Liana Alverez was walking up the steep roadway to Jerusalem’s King Solomon Hotel during a Jewish Women’s Renaissance trip to Israel when suddenly a bus came careening down the hill. There was no way to dodge it.
Liana, 36, tumbled and screamed, “Stop, stop, stop!” But the bus landed on top of her. “Loads of people were there,” she recalls. “I was feeling woozy. There were sirens. My clothes were being cut away, but I wondered why they weren’t taking me out from under the bus.”
Liana had not realized she was wedged under one of the wheels. The Fire Department had to jack up the bus to free her.
When Liana arrived at Hadassah Hospital, Dr. Miklosh Bala, Director of the Trauma and Acute Care Surgery Unit, was waiting for her. “She was very badly injured and in shock,” he relates, “so that she couldn’t understand the enormity of what had happened to her.”
Liana was like a puzzle that needed to be put together again, Dr. Bala explains. It was difficult to decide what to do first. They needed to open her stomach. They needed to close off the bleeding arteries. The orthopedists needed to fix the broken bones. She had an open pelvic fracture from which 50 percent of patients die. “The initial treatment of an open pelvic fracture is critical in order to save the patient’s life,” notes Prof. Rami Mosheiff, head of Hadassah’s Orthopedic Trauma Unit.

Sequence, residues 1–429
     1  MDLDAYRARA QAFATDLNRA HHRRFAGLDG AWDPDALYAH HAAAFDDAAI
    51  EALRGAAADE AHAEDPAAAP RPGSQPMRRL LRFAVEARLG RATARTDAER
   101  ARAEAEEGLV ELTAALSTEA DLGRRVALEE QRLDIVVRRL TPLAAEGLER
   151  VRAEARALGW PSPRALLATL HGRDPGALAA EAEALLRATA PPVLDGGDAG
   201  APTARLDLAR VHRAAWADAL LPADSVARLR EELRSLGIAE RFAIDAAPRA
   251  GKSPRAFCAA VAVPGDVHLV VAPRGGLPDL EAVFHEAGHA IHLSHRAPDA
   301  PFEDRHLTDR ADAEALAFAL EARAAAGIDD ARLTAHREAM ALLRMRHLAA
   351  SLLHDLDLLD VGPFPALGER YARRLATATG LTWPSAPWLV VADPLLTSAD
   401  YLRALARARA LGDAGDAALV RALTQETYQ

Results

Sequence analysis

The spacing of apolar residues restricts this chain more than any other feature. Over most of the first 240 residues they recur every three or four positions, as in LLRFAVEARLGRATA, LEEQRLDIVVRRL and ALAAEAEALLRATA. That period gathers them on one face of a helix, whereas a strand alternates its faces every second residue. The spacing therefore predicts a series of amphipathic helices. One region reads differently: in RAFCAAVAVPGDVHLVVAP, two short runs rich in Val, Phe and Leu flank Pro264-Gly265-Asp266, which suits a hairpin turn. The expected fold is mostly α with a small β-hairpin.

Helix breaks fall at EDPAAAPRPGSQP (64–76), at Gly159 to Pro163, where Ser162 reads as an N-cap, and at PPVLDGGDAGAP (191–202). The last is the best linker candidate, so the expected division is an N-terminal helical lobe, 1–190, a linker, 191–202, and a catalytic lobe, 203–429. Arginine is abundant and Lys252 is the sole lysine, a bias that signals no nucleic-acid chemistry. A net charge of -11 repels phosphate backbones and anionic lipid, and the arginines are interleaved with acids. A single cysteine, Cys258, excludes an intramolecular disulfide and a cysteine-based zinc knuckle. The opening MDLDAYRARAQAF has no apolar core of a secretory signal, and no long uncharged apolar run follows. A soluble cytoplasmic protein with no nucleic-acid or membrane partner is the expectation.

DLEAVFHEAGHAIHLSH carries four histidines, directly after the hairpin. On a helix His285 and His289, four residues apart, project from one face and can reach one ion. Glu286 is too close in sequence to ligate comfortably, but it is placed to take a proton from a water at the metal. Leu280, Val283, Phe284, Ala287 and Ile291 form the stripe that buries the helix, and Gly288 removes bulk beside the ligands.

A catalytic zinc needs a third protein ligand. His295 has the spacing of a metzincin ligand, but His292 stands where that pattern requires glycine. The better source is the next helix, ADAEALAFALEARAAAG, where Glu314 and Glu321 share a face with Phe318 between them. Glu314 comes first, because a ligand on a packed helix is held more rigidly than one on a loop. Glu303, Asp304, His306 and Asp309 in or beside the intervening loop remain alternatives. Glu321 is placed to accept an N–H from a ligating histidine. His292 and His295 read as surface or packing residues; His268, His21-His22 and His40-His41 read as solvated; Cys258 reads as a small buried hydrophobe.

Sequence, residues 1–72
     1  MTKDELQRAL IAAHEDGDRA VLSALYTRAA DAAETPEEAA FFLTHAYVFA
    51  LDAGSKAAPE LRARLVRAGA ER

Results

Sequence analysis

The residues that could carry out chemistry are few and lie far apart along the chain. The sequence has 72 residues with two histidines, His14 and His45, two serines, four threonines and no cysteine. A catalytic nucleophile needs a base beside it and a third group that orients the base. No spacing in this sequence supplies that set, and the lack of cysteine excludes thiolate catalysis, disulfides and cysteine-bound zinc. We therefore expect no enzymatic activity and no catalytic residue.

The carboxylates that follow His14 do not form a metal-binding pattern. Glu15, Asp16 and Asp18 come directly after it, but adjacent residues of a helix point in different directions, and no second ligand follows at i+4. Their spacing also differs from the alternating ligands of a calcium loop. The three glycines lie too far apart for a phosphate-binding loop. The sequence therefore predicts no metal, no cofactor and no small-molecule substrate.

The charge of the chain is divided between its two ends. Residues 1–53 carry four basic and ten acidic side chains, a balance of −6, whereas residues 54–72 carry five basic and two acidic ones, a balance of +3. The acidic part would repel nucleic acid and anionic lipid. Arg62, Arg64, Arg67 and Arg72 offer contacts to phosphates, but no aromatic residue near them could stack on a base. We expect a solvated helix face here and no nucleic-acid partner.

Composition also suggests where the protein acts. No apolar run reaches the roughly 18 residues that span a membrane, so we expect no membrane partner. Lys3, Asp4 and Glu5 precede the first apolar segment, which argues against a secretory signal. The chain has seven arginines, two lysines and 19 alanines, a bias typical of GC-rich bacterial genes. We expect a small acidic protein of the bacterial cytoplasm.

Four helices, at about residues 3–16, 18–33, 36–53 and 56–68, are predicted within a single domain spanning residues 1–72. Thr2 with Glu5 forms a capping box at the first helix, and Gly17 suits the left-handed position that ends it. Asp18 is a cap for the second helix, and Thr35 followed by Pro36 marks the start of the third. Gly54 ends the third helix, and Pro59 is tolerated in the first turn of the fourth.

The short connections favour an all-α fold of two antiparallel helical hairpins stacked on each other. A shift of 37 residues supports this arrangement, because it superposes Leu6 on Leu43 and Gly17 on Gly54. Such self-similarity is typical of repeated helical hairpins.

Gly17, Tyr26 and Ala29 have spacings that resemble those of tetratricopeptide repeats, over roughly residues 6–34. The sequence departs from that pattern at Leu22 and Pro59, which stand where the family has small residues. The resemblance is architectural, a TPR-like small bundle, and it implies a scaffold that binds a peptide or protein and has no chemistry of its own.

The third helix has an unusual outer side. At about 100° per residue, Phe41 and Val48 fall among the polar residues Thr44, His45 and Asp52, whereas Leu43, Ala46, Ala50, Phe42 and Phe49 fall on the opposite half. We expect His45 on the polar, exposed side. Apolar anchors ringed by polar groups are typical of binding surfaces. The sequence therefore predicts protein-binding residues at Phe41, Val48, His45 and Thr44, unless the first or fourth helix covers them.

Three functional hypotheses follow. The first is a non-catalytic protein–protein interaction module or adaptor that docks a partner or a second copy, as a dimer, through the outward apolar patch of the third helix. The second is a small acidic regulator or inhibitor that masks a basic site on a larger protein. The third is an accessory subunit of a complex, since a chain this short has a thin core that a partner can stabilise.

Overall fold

Liana was sedated and intubated and a multidisciplinary team of experts was summoned. She underwent several surgeries, including an urgent angiography to treat the internal bleeding into her pelvis and several other procedures to deal with her soft tissue injuries. Dr. Bala explains, too, that her damaged muscles and destroyed skin added to the challenge of managing her case because necrosis (death of the tissue) and infection are a great worry. Liana had to be anesthetized just to change her bandages.
“Having a private room for her made all the difference,” comments Dr. Bala. “She had a much better chance of surviving in the new Sarah Wetsman Davidson Hospital Tower.” Nevertheless, although optimistic, Dr. Bala did not allow himself to take one vacation day while she was under his care. “One slip up and she would die,” he said.
It helped, too, that Dr. Bala spoke Russian because Liana was born in Baku, Azerbaijan and her native language was Russian. Dr. Bala, who was born in Russia, immigrated to Israel after finishing medical school there, having graduated from Moscow Medical Academy and Grodno State Medical University, in Rodno, Belarus. Dr. Bala did his residency in surgery at Hadassah, beginning in 2000, when the intifada began. His experience with terror victims exposed him to trauma medicine in which he later specialized. Dr. Bala is married to a physician and one of this two children served as an Israel Defense Forces medic during Operation Protective Edge last summer.
“Thank goodness, the treatment went like clockwork,” Dr. Bala comments. “And Liana was a remarkable, upbeat patient, who did everything we asked of her to get her better.”
“The doctors are brilliant,” she says. “I know they saved my life.”